Software Support Tools According to Rogers (2008), “the landscape of the classroom is being transformed, with technology becoming a driving force” (p. 92). In today’s classroom there are numerous software support tools available to enhance learning and cater to the needs of all learners. Roblyer and Doering (2010) presented six categories of software support tools. They listed these as: material generators, data collection and analysis, graphics, planning and organizing, research and reference, and tools for the content areas. Material generators are software tools that are used for making instructional materials such as posters, brochures, quizzes, tests, rubrics, puzzles, worksheets, games, awards, and IEPs for special education students. Many teachers regard these tools as essential to the day-to-day operation of the classroom. Wellert (2008) stated that the use of games allow teachers to directly cater to the learning style needs of the visual and tactile learners, and that games can expedite the learning process when constructed with the different learning styles in mind. Data collection and analysis software tools allow teachers to collect information about their students and closely monitor their performance and progress throughout the year. According to Roblyer and Doering (2010), the electronic grade book is preferred by many teachers because of its special feature to analyse data from tests and print reports based on the information given. Student information systems (SIS) help teachers keep account of students’ data such as attendance and test scores. Roblyer and Doering also referred to computerized testing systems which offer benefits such as immediate feedback of results. Additionally, it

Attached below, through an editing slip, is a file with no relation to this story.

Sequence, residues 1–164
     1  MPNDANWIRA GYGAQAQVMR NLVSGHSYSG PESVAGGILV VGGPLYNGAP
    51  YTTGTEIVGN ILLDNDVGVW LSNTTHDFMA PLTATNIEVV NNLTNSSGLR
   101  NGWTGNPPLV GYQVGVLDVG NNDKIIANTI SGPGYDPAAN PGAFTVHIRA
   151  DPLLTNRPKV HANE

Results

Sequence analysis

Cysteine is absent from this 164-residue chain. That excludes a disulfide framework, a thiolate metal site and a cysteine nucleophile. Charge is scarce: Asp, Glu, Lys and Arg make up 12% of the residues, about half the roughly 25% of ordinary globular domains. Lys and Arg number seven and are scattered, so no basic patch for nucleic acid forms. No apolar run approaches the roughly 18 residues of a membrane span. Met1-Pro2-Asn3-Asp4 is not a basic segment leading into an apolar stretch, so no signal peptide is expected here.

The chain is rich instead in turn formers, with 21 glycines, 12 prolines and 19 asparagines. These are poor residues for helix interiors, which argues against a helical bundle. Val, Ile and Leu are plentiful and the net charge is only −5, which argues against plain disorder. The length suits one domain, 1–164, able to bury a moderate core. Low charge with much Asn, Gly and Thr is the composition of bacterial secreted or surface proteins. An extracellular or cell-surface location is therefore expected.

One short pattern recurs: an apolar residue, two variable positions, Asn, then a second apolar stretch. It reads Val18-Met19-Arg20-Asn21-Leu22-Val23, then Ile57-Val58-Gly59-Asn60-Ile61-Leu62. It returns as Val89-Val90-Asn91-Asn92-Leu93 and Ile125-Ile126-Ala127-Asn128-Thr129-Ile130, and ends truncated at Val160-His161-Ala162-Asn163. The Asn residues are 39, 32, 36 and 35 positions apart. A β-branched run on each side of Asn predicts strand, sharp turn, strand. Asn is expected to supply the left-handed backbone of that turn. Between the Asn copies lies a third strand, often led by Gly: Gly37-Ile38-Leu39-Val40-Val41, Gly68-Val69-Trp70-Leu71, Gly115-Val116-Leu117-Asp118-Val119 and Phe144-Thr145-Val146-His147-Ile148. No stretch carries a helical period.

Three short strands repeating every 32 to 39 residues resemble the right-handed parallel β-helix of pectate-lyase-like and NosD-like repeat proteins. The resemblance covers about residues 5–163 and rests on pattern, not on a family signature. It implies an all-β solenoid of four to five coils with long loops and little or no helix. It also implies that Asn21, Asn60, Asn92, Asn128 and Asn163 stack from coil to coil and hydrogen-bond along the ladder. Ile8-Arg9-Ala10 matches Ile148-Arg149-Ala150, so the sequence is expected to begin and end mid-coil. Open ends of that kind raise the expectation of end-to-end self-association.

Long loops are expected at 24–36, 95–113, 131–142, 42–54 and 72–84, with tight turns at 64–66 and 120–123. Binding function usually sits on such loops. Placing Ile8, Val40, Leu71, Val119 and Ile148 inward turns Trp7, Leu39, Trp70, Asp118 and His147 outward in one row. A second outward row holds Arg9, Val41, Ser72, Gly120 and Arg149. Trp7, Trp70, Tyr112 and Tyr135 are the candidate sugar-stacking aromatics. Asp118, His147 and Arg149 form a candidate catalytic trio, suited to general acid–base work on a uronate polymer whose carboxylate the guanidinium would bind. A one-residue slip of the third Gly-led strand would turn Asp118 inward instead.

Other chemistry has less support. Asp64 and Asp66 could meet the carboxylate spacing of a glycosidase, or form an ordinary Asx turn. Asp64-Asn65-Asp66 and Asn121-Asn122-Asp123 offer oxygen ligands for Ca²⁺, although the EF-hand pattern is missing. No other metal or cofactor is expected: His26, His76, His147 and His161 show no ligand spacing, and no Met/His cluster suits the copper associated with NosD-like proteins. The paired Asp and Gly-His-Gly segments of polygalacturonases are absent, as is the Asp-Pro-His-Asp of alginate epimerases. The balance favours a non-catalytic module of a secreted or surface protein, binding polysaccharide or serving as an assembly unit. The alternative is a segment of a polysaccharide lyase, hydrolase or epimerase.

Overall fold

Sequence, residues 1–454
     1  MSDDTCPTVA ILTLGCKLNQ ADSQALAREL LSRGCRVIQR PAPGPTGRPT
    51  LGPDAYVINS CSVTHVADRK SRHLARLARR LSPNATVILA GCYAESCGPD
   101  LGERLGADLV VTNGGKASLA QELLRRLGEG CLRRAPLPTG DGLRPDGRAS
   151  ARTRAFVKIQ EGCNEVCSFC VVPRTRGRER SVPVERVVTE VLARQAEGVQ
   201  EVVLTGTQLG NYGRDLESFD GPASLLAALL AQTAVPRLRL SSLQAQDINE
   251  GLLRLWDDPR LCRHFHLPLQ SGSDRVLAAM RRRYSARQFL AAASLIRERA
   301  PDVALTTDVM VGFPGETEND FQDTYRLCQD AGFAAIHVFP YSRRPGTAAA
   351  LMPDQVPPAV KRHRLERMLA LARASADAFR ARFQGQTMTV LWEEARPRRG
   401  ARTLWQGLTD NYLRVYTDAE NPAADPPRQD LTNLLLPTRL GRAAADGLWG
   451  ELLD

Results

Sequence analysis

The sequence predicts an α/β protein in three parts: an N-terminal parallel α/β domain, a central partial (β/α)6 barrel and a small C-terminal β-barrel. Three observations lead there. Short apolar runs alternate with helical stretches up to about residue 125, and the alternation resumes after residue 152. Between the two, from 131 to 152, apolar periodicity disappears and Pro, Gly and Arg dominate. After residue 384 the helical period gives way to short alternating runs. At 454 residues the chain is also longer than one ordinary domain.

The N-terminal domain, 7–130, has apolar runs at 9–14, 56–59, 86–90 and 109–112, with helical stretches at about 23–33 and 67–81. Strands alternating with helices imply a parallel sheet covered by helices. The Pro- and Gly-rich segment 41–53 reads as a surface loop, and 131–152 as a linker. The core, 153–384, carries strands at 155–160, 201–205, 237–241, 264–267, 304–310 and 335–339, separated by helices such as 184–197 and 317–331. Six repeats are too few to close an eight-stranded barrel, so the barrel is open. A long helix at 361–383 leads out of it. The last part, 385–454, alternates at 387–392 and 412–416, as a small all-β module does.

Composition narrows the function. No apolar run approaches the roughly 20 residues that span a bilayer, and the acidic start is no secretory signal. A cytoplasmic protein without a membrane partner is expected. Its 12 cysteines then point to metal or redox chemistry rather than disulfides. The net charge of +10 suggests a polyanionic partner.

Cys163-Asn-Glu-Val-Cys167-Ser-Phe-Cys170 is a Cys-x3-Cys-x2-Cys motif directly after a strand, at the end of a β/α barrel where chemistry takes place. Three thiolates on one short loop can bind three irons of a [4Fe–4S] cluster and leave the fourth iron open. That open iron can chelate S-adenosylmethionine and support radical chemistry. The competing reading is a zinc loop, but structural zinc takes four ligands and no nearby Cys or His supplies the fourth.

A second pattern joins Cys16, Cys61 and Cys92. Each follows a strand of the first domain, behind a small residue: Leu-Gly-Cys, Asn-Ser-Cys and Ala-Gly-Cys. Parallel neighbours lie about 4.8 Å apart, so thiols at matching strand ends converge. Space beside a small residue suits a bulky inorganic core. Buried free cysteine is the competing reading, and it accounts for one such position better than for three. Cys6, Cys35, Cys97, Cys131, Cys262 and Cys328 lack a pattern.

2 allows students to take tests on screens or scanned sheets. According to the authors, these simplify test scheduling because everyone does not take the test at the same time. Graphic tools consist of draw/paint programs, image editing tools, charting/graphing tools, and clip art animation, sound, video, and font collections (Roblyer & Doering, 2010). These allow teachers and students to create, illustrate, modify, and combine drawings, illustrations, clip art, pictures, charts and graphs. They also give students the opportunity to create their own designs and show them on paper or screen. Additionally, teachers and students can insert these into documents and reports to give a more professional look. Catchings and MacGregor (as cited in Roblyer & Doering, 2010) believed that these programs aid in the development of students’ visual-verbal literacy and creativity. Planning and organizing software tools entails outlining and concept mapping, software, lesson planners, and scheduling and time management tools. Outlining tools assist students in outlining their story ideas and help them to get their stories started, while the other tools help teachers organize their time and prepare for instruction. Research and reference tools such as electronic encyclopedias, atlases, and dictionaries help facilitate research. Electronic atlases and maps are useful in the classroom because students get to see and learn information being taught, and are especially helpful because they are interactive. Wellert (2008) stated that students need to have active participation and involvement in lessons that include technology. Furthermore, student engagement is vital to ensure motivation during the learning process. Finally, the last category of software support tools put forward by Roblyer and Doering (2010) is content area tools. These support teaching and learning in the different content areas. Multimedia
3 Multimedia refers to multiple media or a combination of media. Media can be still graphics, and photographs, sound, motion video, animation, and or text items along with products used to communicate information in multiple ways. Multimedia impacts the classroom in various ways. For example it increases motivation as it...
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